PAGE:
Digging The Septic Tank Pit

digging septic tank pit

Next, they’re going to start digging the hole to drop your tank into, this should be above the leach field unless you have a pump or more complicated system. This hole will depend on the size of your tank, but usually about 8-10 feet deep. You want to watch the installers to make sure they check that the pit bottom is level once they’ve removed the material. The goal here is to have a reasonably level tank when they drop in the concrete or plastic tank. I think if I could do it all again, I’d ask them to have some sand or gravel to put as a base at the bottom, but that might be overkill.

digging hole for septic tank
hole for septic tank

Digging The Leach Field Trenches

digging the leech field trenches

Depending on several factors, they will either drop the tank in right then or start digging the trenches. During my installation, the tank delivery truck wasn’t coming for a few more hours so they kept digging.

digging trernches for leech field
septic tank leech field trench

This is where my contractors really showed their skill. The little backhoe they ran was a decent sized machine and the guy running it was able to get that slope of ¼ inch per foot with impressive accuracy. The other guy used the laser level and a grade rod to check the trench the entire way.

He also picked out larger rocks to prevent damage to the drain lines and used a hand shovel to smooth the bottom of the trench to be a consistent down slope.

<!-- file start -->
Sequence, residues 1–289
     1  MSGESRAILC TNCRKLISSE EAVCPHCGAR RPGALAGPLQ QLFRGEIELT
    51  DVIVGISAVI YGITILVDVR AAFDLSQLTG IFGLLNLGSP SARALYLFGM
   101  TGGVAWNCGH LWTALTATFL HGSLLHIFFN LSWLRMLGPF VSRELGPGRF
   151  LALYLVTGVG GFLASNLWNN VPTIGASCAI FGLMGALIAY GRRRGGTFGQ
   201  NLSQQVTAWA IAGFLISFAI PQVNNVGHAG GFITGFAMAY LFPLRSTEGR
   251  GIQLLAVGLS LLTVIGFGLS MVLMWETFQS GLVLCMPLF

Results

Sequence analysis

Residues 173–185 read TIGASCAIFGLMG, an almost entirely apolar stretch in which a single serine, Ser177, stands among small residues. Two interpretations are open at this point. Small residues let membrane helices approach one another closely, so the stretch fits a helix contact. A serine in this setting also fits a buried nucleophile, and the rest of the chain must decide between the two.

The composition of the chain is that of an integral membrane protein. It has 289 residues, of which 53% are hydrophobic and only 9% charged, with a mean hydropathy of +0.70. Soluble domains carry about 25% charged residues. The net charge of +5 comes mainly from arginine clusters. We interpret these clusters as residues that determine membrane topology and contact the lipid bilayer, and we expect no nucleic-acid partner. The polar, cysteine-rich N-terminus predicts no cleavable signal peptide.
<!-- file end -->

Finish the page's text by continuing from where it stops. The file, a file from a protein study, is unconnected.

Repeat For Each Of Your Lines

repeat for each of your lines

Next, they created additional trenches to get the required length, all the while picking out rocks, smoothing the trench floor and checking for the slope all along the length.

Install The Septic Tank

install a septic tank

At that point the delivery truck showed up with the tank and the drain lines. The truck had a built-in trestle arm that extended off the back of the truck to lower the tank into place.

delivery truck
trestle arm

They lowered the septic tank into the ground and checked the level of each corner with the laser level again.

septic tank in hole
laser level check

Installing The Drain Lines

installing the drain lines

The drain lines were an EZ-Flow or EZ-Drain style line. Basically, a corrugated drain line with perforations in it, surrounded by packing peanuts and held tight with a netting cover. After talking with a lot of people, this style has a pretty good track record and makes for quick installation. I’ve heard some bad reviews of the EZ-Flow style lines, but they were pretty few and far between, often with some other mitigating circumstances.